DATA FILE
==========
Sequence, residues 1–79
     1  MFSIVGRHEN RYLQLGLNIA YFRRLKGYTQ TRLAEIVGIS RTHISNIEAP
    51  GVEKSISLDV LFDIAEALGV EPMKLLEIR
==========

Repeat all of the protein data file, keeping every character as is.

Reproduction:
Sequence, residues 1–79
     1  MFSIVGRHEN RYLQLGLNIA YFRRLKGYTQ TRLAEIVGIS RTHISNIEAP
    51  GVEKSISLDV LFDIAEALGV EPMKLLEIR